200 safe-streets supporters gathered Sunday at the nexus of Myrtle Avenue, Wyckoff Avenue, and Palmetto Street along the Bushwick-Ridgewood border to hold a vigil for victims of traffic violence.
One year ago, 23-year-old Ella Bandes was killed by an MTA bus while crossing this intersection. At least 285 other pedestrians, cyclists, and skateboarders lost their lives on New York City streets in 2013, with 17 more so far this year.
Relatives of four victims – Ms. Bandes, Sammy Cohen Eckstein, Allison Liao, and Renée Thompson – shared their grief over a megaphone, bringing many in the crowd to tears. Several elected officials spoke in favor of Mayor Bill de Blasio’s Vision Zero campaign, which aims to eliminate pedestrian fatalities by 2024.
Many activists have put recent focus on excessive speeds, the top contributing factor for pedestrian deaths. Traffic measures are controlled by Albany; Mr. de Blasio has made securing home rule a goal of his administration.
Brooklyn Borough President Eric Adams lent his voice to the effort. “You have a commitment from me – in this borough of Brooklyn, we will lead the way for the entire city,” Mr. Adams said. “We’re going to make sure the 20-miles-per-hour speed limit happens here.”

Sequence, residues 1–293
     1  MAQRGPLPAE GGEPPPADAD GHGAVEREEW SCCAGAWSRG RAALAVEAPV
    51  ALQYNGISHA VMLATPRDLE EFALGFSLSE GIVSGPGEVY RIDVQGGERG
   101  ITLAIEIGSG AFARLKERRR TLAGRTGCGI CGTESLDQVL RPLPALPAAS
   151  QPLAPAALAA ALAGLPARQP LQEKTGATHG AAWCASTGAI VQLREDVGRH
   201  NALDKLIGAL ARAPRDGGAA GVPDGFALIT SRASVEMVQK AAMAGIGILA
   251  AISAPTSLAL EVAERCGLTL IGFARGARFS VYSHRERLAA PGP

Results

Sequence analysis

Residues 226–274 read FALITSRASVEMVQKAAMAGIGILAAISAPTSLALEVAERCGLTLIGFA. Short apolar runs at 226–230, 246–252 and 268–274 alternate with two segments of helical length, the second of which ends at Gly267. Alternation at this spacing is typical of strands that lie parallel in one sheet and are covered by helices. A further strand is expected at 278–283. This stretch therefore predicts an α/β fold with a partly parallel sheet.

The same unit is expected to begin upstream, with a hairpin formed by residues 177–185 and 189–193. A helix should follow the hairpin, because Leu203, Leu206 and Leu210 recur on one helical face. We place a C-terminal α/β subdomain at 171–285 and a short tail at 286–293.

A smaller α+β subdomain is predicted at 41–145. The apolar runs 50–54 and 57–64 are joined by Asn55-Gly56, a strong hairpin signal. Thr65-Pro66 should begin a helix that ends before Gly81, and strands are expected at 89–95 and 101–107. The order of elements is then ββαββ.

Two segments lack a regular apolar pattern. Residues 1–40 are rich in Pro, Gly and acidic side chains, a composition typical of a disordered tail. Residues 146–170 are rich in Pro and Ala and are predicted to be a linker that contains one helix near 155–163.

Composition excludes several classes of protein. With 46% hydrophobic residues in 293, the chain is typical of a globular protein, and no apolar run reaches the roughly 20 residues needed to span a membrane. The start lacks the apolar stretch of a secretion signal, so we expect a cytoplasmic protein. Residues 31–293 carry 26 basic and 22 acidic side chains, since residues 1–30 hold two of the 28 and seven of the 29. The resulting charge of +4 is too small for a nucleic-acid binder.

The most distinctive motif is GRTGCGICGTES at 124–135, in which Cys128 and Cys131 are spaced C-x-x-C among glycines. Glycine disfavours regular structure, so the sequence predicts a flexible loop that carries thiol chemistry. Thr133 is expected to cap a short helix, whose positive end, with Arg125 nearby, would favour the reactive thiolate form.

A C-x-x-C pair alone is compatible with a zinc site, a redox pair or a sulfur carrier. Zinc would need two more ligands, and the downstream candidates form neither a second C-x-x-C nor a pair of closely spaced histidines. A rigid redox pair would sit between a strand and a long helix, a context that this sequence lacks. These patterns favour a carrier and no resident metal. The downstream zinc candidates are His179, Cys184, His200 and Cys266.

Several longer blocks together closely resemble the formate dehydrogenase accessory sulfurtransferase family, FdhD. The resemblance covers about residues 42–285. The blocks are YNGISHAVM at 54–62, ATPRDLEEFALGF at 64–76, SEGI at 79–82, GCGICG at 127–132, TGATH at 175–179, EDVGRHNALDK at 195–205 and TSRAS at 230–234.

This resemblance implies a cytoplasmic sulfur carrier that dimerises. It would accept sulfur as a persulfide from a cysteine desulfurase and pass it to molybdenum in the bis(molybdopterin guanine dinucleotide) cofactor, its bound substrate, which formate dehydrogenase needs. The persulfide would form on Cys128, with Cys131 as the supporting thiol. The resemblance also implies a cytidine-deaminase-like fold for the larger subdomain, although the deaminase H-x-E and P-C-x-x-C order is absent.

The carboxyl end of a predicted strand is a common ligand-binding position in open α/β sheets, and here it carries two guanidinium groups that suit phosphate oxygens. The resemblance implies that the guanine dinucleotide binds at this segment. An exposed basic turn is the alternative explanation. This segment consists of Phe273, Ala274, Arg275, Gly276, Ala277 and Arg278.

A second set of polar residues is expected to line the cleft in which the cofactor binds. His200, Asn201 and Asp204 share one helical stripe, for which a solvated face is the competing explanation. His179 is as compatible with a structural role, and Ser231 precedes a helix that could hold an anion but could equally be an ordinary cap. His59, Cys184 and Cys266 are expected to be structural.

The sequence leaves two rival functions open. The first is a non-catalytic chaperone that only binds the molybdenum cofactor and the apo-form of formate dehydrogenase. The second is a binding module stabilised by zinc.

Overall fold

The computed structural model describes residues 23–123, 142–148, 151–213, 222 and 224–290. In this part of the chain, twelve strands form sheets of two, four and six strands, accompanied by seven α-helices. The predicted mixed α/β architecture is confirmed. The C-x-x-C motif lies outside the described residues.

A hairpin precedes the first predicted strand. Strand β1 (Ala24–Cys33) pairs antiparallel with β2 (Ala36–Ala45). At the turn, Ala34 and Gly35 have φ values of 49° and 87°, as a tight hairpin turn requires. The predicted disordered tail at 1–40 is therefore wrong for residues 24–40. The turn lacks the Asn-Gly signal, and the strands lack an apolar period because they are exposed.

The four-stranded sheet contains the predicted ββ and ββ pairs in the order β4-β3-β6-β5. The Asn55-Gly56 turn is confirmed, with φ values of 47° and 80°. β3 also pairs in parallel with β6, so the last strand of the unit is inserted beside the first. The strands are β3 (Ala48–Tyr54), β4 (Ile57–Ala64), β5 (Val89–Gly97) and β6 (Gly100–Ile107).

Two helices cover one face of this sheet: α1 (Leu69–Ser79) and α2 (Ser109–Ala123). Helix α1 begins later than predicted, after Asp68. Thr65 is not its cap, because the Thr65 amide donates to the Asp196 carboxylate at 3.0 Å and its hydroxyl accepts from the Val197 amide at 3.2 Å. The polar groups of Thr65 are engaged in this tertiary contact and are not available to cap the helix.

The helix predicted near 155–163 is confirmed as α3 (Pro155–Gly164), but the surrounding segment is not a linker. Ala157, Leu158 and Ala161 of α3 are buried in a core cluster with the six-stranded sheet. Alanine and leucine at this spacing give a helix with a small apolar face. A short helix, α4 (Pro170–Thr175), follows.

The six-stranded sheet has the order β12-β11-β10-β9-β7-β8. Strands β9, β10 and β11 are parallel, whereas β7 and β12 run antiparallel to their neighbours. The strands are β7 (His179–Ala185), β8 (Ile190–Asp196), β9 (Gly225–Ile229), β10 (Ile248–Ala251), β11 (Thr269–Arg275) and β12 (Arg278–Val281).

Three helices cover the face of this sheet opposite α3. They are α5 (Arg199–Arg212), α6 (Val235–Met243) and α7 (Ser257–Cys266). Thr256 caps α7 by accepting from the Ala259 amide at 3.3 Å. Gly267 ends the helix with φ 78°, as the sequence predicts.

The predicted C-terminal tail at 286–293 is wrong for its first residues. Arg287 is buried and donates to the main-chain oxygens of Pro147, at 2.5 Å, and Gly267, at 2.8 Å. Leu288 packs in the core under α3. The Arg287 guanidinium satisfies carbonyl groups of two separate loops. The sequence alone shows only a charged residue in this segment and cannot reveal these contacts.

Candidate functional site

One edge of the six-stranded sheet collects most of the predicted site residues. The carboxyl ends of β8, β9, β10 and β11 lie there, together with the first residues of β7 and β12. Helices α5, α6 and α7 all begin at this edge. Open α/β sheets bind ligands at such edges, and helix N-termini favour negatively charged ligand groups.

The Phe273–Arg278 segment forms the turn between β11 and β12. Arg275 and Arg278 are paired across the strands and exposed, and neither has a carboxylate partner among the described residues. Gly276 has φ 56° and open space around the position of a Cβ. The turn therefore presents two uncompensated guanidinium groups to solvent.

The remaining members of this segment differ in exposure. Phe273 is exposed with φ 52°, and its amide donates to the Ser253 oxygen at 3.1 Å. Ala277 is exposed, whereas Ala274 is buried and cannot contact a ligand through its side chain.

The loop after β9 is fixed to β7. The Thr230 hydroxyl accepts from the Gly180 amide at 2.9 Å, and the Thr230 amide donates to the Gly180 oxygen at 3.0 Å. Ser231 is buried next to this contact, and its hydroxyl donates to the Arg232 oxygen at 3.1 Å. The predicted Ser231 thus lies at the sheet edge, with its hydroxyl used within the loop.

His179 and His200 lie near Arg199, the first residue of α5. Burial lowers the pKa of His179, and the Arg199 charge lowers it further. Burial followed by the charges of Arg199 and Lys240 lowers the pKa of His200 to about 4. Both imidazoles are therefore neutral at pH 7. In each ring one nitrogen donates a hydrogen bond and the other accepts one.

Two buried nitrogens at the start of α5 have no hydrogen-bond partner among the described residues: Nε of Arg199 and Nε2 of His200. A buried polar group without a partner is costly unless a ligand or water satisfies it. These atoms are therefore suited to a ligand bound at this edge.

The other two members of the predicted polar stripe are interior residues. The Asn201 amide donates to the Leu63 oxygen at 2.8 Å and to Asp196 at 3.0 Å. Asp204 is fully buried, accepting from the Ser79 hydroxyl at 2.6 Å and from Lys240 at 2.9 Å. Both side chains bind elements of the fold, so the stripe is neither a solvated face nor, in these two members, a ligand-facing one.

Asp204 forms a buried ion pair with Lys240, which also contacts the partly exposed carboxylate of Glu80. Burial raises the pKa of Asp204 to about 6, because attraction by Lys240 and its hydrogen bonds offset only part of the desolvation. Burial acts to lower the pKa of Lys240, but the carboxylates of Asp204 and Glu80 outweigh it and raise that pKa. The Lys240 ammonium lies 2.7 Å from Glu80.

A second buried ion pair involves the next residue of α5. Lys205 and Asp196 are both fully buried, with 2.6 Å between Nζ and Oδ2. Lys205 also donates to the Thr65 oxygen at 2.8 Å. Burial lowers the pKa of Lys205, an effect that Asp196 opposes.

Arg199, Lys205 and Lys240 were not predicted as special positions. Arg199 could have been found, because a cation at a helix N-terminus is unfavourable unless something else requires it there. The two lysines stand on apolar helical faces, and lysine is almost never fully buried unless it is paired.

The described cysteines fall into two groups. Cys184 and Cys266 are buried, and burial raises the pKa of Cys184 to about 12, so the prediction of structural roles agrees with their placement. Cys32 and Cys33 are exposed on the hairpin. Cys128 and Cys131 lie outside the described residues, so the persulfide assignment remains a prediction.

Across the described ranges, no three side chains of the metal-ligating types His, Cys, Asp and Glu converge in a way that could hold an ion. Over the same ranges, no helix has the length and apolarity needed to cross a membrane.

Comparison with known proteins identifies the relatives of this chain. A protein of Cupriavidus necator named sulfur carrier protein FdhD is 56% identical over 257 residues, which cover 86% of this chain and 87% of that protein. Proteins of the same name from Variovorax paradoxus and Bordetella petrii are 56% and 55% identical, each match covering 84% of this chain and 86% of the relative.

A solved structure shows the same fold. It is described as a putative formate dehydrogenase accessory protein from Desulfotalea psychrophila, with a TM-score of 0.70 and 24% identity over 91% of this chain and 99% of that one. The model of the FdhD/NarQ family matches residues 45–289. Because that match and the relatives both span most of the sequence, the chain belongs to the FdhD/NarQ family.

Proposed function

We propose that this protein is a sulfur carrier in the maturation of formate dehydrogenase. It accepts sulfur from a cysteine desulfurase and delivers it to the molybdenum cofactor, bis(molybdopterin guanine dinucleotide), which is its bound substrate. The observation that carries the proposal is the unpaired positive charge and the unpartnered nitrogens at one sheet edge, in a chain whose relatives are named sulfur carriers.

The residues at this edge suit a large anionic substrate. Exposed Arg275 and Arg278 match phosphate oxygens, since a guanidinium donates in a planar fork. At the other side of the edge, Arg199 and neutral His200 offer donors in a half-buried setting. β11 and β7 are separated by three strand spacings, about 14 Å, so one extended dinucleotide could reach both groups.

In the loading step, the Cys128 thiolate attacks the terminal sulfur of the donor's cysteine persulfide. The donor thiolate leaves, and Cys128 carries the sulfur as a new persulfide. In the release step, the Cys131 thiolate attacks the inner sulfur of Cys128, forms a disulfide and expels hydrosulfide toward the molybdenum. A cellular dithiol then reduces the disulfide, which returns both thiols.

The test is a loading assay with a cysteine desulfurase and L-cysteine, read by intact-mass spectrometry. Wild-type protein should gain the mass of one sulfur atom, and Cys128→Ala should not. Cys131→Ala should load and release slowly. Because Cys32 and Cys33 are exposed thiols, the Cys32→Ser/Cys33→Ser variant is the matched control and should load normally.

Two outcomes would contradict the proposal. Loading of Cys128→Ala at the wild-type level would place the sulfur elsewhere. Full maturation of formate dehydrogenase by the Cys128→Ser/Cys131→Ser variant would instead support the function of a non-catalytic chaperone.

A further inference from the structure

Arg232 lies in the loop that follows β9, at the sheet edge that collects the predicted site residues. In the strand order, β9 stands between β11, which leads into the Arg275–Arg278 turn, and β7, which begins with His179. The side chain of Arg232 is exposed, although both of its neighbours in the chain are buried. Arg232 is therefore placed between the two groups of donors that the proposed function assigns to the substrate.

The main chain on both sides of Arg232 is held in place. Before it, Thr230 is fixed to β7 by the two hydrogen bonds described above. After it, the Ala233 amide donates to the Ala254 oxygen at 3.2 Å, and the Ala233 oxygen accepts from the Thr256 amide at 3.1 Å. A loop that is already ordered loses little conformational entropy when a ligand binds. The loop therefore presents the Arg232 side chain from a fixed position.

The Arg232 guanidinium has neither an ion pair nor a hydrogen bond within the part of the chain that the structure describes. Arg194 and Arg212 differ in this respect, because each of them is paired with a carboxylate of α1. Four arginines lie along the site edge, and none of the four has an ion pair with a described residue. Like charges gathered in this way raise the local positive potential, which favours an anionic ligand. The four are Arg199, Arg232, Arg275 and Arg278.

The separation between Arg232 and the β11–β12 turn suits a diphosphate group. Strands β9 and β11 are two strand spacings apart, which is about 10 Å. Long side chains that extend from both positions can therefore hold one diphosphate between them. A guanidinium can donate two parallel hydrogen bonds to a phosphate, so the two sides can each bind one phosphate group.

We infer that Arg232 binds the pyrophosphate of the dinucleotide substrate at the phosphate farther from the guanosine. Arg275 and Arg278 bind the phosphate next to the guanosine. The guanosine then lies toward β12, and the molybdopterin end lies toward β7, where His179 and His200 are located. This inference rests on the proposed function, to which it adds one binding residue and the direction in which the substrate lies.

All stood before a banner with the names of the 300-plus victims since last January. The display was prepared by the event’s sponsors, Make Brooklyn Safer and Make Queens Safer, two community groups that formed in late 2013 to combat what several speakers called “an epidemic”.
A plea was written above a dozen blank lines: “Help us stop these deaths.”
The list struck even seasoned advocates. “To think about the numbers is one thing, but to see the names is so powerful,” said Juan Martinez, general counsel of Transportation Alternatives.
Also moved was a local teenager, who looked confused as he worked his way through the crowd. Upon reaching the intersection, he stared for several seconds at the banner.
“Holy crap. That’s a lot of people,” he said, before dashing (safely) across the street.
PREVIOUSLY: Celebrating Vision Zero, advocates inaugurate a new era for livable streets (January 1, 2014)